“We know there are families suffering financial hardship, and that is particularly concerning when it is persistent…Though I acknowledge the pressure that financial hardship puts on families, that is never an excuse to neglect, beat, or abuse children. Most people in such circumstances do not abuse their children, and I cannot tolerate it being used as justification for those who do” (Paula Bennett, Minister for Social Development 2012, White Paper on Vulnerable Children, 2012: 2).
The introduction went on:
“Most children grow up happy, healthy, and loved by their families, whänau, and caregivers. But too many don’t have adults who keep them safe and put their needs first. There are many reasons for this, but parental capacity, poverty, welfare dependency, drug and alcohol abuse, and mental health issues are frequently blamed. We must work together to find those children who are vulnerable to abuse and neglect, and keep them safe…This isn’t just about breakfast in the morning or poverty, as important as those things are. It is about finding the children we are really concerned about before they are hurt, then acting to ensure they have a brighter future.” (Ministry of Social Development, 2012: 3).
In these ways, poverty and other issues influencing parenting are constituted as flimsy ‘excuses’, as simplistic, selfish and dishonest reasons for parents whose children are deemed ‘at risk’, and the aim of child abuse prevention is framed as one of identifying children and rescuing them from these irresponsible parents ‘before it’s too late’. Such a pointed severance of parental behaviour from the social and personal contexts of their lives ignores the wide-ranging evidence on the causes and correlations of child abuse. Following this train of logic also leads nowhere in a pragmatic sense, as ‘telling off’ bad parents, framing child protection as investigation and punishment, and removing children, are the only possible responses when the problems are framed in this manner.
Child abuse prevention involves attention to lowering the prevalence of factors that make parenting harder – specifically poverty, poor housing and low social supports – combined with offering services that actually engage with parents around their needs, the impacts of their own life histories, their aspirations, and understanding their relationships with their children. Without greater attention to resourcing this intensive family work, within a broad poverty alleviation strategy, we will continue to flounder. One intensive family preservation service in Australia, for example, recommends a caseload of two. That’s right, just two families at any one time for each social worker. Unless we get our heads around the range of supports and services required, and the high level resourcing of services required to truly prevent child abuse, the outcome is likely to be more abuse, more removals, and more cost for children, their families and the state, rather than prevention of harm for all. While we await the final report of the CYF review, it’s worth reiterating that the role of CYF can only be one part of a broader set of reforms needed if we want to prevent child abuse. This will require a radical change in policy direction, embedded in a fresh and progressive political vision that deals in social reality not ideological myth-making.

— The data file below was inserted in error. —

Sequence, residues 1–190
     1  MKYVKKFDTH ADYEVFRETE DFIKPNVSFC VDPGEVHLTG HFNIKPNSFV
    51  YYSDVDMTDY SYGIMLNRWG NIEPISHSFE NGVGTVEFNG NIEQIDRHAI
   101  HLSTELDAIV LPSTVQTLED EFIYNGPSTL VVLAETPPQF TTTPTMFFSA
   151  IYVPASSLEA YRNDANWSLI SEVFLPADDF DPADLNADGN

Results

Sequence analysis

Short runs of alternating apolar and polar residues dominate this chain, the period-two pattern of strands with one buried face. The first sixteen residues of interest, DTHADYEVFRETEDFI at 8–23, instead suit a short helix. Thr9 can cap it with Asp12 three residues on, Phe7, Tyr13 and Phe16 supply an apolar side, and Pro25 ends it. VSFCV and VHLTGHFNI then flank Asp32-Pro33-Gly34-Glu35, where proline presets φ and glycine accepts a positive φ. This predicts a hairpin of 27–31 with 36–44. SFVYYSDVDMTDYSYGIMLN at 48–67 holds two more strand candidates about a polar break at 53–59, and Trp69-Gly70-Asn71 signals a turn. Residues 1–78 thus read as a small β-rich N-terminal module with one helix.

Bywaters, P., Bunting, L., Davidson, G., Hanratty, J., Mason, W., McCartan, C. and Steils, N. (2016). The relationship between poverty, child abuse and neglect: An evidence review. Coventry: Joseph Rowntree Foundation.
Cram, F., Gulliver, P., Ota, R. and Wilson, M. (2015). Understanding overrepresentation of indigenous children in child welfare data: An application of the Drake risk and bias models. Child Maltreatment, 20(3), 170-82. doi: 10.1177/1077559515580392.
Ministry of Social Development (2012). White Paper for vulnerable children: Children’s action plan -Identifying, supporting and protecting vulnerable children. Wellington: NZ Government.
Pelton, L.H. (2015). The continuing role of material factors in child maltreatment and placement. Child Abuse & Neglect, 41(0), 30-9
Simpson, J., Duncanson, M., Oben, G., Wicken, A. and Pierson, M. (2015). Child Poverty Monitor 2015 Technical Report. Dunedin: NZ Child & Youth Epidemiology Service, University of Otago.
Vaithianathan, R. (2012). Can administrative data be used to identify children at risk of adverse outcomes? Auckland: Business School, Department of Economics, University of Auckland.
Wilson, M.L., Tumen, S., Ota, R. and Simmers, A.G. (2015). Predictive modelling: Potential application in prevention services. American Journal of Preventive Medicine, 48(5), 509-19.
Note on the New Zealand deprivation index
The NZ deprivation index is a way of categorising deprivation based on a variety of census responses. It’s used to map the whole country spatially into ‘meshblocks’ – small areas – and rate them from 1 (least deprived) to 10 (most deprived). This is the opposite to school decile rankings! See this nifty map and info.